Irish Internet Radio and TV from Dublin, Ireland.


by Thomas Moore
the greatest Irish lyrist
born Dublin, 1779 - died 1852
Have you not seen the timid tear
Steal trembling from mine eye?
Have you not mark'd the flush of fear,
Or caught the murmur'd sigh?
And can you think my love is chill,
Nor fix'd on you alone?
And can you rend, by doubting still,
A heart so much your own?

To you my soul's affections move
Devoutly, warmly, true:
My life has been a task of love,
One long, long thought of you.
If all your tender faith is o'er,
If still my truth you'll try;
Alas! I know but one proof more -
I'll bless your name, and die!

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It's summer and the wee people are about. We cannot forget them, all sorts of the little people. with different tasks to do. Mostly to bring us secret joy and enlighten our imaginations. Are they in your yard? Have you ever waited into the orange and blue of an evening hoping to see them? I did when I was a child; built small huts of sticks and pebbles. I believed in them. My Irish aunt told me they were as real as any person.

Now it's summer and they are frisky and wandering about. Tell your children about them. Seek them yourself, for they bring more to the heart than the news of the day and the world.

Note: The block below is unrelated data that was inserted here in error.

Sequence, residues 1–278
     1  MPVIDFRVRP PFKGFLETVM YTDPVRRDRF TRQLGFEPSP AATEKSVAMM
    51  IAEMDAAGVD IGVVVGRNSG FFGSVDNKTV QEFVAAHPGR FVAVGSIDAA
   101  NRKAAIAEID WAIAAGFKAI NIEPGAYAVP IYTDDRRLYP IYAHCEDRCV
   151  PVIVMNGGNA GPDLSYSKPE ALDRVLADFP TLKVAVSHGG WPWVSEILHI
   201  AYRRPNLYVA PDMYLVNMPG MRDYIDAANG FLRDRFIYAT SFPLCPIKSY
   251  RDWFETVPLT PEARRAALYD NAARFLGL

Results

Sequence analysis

Here is a poem about the fairies, in whom Yeats believed. I dedicate this poem to all of my LI family, especially to Walter, Pierre, Felicia, Dabhoch, Jim in Greece, and especially Lisa, the Colleen who started the whole poetry adventure.

Frank Daub

A Lover's Quarrel Among the Fairies

A moonlight moor. Fairies leading a child.

Male Fairies: Do not fear us, earthly maid!
We will lead you hand in hand
By the willows in the glade,
By the gorse on the high land,

By the pasture where the lambs
Shall awake with lonely bleat,
Shivering closer to their dams
From the rustling of our feet.

You will with the banshee chat,
And will find her good at heart,
Sitting on a warm smooth mat
In the green hill's inmost part.

We will bring a crown of gold
Bending humbly every knee,
Now thy great white doll to hold --
Oh, so happy would we be!

Ah it is so very big,
And we are so very small!
So we dance a fairy jig
To the fiddle's rise and fall.

Yonder see the fairy girls
All their jealousy display,
Lift their chins and toss their curls,
Lift their chins and turn away.

See you, brother, Cranberry Fruit --
He! ho! ho! the merry blade! --
Hugs and pets and pats yon newt,
Teasing every wilful maid.

Girl Fairies: Lead they one with foolish care,
Deafening us with idle sound --
One whose breathing shakes the air,
One whose footfall shakes the ground.

Come you, Coltsfoot, Mousetail, come!
Come I know where, far away,
Owls there be whom age makes numb;
Come and tease them till the day.

Puffed like puff-balls on a tree,